Asked Wednesday for his take on NASCAR's appeals process, Kasey Kahne took the atypical approach of skipping the politics and stabbing straight to the core.
"My take is you don't have a shot when you go in," he said, stone-faced, other than a slight grin at the corner of his mouth.
He isn't kidding. Kahne felt Evernham Motorsports carried a solid argument into the March 5 appeals hearing for the unapproved aerodynamic devices found on his No. 9 Dodge during prequalifying inspection for the Daytona 500, which resulted in hefty sanctions by NASCAR.
NASCAR penalized Kahne 50 driver points, docked team owner Ray Evernham 50 owner points, fined the team $50,000 and sent crew chief and team director Kenny Francis home for a month. That penalty was upheld at the appeal hearing.
What was the reasoning given for upholding the penalties?
"There was no answer [why]," Kahne said. "I did talk to a few people that were part of that [appeal], and they said you basically have a losing cause. If you're not going to take the best case in the world you're not going to win."
Told of Kahne's comments, NASCAR spokesman Ramsey Poston defended the appeals process and the people running it.
"The NASCAR commission is independent, and they operate with a three-person panel to hear all sides of the argument," Poston said. "They make the best judgment they can based on the evidence, and have in the past overturned NASCAR rulings."
One such instance came two years ago, when the National Stock Car Commission overturned suspensions for Hendrick Motorsports crew chiefs Chad Knaus and Alan Gustafson. This was a significant decision, because NASCAR doesn't often get overruled.
At the time, veteran motorsports crew chief-turned-FOX analyst Jeff Hammond wrote on foxsports.com: "Everybody always used to say that that board was going to do exactly what the competition director instructed them to do. But I applaud them for reviewing the evidence and making a good decision using common sense."
"The commission is there for teams to dispute penalties. It's one that we think is very important for the team and industry to have," Poston added. "Look at the list of commission members. These are individuals that are well-respected and known for their integrity."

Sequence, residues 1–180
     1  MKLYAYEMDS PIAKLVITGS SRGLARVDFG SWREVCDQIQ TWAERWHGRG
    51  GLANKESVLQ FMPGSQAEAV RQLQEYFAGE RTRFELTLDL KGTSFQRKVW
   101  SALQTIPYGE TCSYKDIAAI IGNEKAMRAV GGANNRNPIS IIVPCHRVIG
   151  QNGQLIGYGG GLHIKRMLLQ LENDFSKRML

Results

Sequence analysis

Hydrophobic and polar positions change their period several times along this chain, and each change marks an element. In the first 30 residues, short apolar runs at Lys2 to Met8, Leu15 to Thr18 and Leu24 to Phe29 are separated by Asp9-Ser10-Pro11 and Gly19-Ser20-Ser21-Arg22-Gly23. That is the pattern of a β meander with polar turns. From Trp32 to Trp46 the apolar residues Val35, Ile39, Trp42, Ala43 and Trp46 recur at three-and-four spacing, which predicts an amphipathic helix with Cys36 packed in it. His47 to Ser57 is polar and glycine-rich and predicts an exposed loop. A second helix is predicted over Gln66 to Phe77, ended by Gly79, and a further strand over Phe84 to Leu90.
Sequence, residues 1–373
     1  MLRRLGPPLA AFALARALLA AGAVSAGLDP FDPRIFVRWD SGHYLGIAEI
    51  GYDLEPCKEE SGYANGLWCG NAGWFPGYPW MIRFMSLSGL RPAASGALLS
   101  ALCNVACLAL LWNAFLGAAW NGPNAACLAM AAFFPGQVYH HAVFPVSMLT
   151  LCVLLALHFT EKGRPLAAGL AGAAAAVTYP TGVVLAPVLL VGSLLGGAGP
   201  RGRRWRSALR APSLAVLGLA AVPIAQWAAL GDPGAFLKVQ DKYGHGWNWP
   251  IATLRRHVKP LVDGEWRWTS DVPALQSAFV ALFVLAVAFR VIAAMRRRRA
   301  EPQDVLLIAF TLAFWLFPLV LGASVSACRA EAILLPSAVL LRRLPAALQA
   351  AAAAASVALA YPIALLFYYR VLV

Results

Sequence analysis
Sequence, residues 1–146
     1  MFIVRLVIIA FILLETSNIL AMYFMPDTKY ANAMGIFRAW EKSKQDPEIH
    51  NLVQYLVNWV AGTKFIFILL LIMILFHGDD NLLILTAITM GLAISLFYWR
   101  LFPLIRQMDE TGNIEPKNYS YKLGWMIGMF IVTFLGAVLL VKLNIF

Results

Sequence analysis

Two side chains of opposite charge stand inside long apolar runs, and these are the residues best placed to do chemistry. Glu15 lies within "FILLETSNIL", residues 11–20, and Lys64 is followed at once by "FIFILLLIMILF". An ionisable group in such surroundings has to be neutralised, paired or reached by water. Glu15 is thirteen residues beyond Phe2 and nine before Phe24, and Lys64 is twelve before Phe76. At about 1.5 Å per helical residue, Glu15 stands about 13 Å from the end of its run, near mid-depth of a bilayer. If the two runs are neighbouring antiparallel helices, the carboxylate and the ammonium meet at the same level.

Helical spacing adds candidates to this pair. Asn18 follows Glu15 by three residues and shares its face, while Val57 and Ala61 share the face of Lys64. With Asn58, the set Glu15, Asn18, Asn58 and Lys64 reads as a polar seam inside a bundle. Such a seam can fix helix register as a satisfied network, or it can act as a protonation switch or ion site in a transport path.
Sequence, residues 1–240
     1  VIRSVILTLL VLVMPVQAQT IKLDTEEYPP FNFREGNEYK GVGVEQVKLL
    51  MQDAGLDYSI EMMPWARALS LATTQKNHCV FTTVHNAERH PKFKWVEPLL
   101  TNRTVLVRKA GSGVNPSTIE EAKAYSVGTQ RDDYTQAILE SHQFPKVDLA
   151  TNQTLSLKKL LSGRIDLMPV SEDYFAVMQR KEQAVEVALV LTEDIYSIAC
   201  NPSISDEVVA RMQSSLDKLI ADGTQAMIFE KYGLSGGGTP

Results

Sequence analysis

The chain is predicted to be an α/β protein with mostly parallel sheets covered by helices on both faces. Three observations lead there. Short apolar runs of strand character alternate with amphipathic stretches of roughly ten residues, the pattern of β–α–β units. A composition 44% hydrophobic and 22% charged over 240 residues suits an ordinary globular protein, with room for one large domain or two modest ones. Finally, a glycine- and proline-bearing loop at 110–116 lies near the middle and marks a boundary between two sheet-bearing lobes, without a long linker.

According to the 2007 NASCAR Nextel Cup rule book, the 32-person list includes the likes of former Cup star Buddy Baker, Martinsville Speedway president Clay Campbell, ESPN analyst Brad Daugherty, former Cup star Harry Gant, Talladega Superspeedway president Grant Lynch, former Cup Series owner Bud Moore, former NASCAR vice president of competition Les Richter and Lowe's Motor Speedway president Humpy Wheeler.
Evernham told ESPN prior to the hearing that today's climate makes points entirely too precious, and that's all he sought to recoup in the appeal. Kahne backed that up Wednesday.
"We took a great case," Kahne said. "Everything was right there. Ray was asking for points. He wasn't asking for everything. The money? He gave it away. He was just trying to get some of those points back and try to figure out why they took so much from us for such a little deal."
From the outset of the season, NASCAR officials said the sanctioning body would continue to ratchet up penalties until teams got the message.
No question, points penalties send the message. But in this instance, given precedence, Kahne said the penalty was entirely too harsh.
"Points get your attention. That's a good thing," he said. "But when you look at what we did and what other teams did in the past, and you see that they got a $5,000 penalty and that's it, and we have a huge penalty and huge points and lost a crew chief for four weeks, you go, 'Wow over a piece of tape that NASCAR had us put over it, that flew off?' That's wrong."
The penalties were upheld, and thus are part of the reason Kahne is on the brink of top-35 purgatory.
"It comes down to [the penalty] -- it's not good, but it comes down to our performances, our finishes," he said. "It rubs me a lot rawer that we haven't had Kenny Francis for four weeks over something so stupid as the reason we don't have him."
Marty Smith covers Nextel Cup racing for ESPN.com